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Yonville is a sleepy little town that Flaubert intimately describes, giving details about the church, the market place, the chemist's shop, and the Golden Lion Inn. He also introduces Madame Lefrançois (the landlady of the inn), Monsieur Homais (the chemist), Monsieur Binet (the tax collector), and the priest.
It is a busy night in Yonville, for the market is open the next day. Amidst the activity, Emma and Charges Bovary arrive in a coach, the Hirondelle. Emma is extremely upset at having lost her greyhound during the journey. Monsieur Lheureux, one of her fellow passengers who is a draper, tries to console her.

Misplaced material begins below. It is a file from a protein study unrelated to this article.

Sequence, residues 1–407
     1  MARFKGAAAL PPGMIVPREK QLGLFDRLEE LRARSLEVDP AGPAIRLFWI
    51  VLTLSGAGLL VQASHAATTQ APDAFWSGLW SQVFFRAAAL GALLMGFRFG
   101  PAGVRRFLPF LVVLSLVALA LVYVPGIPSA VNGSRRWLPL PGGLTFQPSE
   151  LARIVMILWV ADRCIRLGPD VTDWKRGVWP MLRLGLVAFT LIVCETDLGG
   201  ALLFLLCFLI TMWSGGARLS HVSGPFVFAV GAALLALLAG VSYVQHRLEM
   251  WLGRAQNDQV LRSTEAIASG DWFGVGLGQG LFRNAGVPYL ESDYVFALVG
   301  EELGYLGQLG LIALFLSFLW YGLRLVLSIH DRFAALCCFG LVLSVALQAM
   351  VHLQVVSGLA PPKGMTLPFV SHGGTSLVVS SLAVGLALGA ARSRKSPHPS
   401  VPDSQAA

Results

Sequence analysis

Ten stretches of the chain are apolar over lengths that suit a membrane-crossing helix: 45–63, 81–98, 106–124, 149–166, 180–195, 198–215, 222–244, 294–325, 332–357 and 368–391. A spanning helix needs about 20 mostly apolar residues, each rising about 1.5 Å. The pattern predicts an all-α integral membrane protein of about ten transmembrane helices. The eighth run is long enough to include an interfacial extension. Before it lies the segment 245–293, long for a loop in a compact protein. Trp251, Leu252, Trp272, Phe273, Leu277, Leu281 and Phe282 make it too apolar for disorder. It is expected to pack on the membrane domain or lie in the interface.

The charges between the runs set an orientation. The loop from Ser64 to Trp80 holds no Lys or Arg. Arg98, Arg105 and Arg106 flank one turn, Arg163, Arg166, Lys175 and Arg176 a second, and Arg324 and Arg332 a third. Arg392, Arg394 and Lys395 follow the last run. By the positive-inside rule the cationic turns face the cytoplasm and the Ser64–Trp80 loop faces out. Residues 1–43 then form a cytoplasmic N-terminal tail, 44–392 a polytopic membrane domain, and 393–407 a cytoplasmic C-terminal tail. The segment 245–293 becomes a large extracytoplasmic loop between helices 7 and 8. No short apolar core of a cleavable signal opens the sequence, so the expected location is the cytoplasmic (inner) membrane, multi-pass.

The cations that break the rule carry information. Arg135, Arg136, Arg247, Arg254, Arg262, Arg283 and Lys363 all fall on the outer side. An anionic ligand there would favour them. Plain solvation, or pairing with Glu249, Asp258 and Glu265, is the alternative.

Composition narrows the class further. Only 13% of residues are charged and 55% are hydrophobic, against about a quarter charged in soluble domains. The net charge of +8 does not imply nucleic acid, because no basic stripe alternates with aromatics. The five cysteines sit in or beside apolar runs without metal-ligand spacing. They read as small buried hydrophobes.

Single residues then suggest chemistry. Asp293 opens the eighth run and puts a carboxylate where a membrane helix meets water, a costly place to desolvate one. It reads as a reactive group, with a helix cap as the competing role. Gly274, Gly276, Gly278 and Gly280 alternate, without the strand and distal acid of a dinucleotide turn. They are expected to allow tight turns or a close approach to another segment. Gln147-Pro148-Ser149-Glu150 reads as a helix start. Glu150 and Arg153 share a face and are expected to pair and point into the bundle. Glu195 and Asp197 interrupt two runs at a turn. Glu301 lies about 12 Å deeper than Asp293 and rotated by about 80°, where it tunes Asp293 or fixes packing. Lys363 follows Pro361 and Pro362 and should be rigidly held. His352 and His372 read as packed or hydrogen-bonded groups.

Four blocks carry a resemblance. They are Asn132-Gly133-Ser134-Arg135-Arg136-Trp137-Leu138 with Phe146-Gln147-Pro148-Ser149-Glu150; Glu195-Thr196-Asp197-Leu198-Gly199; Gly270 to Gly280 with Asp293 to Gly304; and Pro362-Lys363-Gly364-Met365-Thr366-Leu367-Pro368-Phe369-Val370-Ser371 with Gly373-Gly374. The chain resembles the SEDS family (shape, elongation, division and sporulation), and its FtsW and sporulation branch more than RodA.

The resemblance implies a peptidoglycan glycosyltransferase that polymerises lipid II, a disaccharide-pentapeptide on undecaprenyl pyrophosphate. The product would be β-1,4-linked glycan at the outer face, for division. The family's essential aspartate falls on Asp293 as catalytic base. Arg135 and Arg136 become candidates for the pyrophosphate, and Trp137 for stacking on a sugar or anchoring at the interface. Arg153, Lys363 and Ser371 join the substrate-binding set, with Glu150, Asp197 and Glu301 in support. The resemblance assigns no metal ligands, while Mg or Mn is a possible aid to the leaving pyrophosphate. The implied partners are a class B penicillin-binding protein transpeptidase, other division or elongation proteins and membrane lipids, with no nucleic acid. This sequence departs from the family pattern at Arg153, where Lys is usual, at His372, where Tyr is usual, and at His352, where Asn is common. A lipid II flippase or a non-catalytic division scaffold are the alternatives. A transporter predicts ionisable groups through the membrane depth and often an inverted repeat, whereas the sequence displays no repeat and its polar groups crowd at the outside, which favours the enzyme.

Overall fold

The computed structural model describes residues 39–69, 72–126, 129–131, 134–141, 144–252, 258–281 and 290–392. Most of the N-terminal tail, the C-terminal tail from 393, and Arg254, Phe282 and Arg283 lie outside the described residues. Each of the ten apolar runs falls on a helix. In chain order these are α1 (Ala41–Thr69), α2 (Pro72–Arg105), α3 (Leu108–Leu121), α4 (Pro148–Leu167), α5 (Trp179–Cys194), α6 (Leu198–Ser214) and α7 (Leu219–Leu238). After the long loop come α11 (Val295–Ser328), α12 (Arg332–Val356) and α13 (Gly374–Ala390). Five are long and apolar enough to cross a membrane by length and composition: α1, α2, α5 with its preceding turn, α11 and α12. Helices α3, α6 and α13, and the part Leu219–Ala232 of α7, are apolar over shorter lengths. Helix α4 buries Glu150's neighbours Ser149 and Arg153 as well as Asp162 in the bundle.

As Flaubert describes the route to Yonville and the surroundings of the town, it is clear to see why he is judged as such an outstanding writer of realistic fiction. The minute details that he gives help to familiarize the reader with the place even before the Bovarys arrive. Flaubert also makes it obvious that Yonville is a sleepy little town, with no more activity or possibility than Tostes. The reader is made to think that Emma probably will not like it here either. In fact, she arrives in a foul mood, for she has lost her greyhound during the journey.
This chapter also introduces some of the characters whose actions gain importance later in the plot. The reader learns that Madame Lefrançois is a shrewd businesswoman; Homais is anti-church; the curé (priest) is a timid sort; and Binet is soldier-like in all his habits. Lheureux is also introduced, and he will assume villainous dimensions later in the novel. He is the first of several characters who betray Emma after she relies on them for comfort.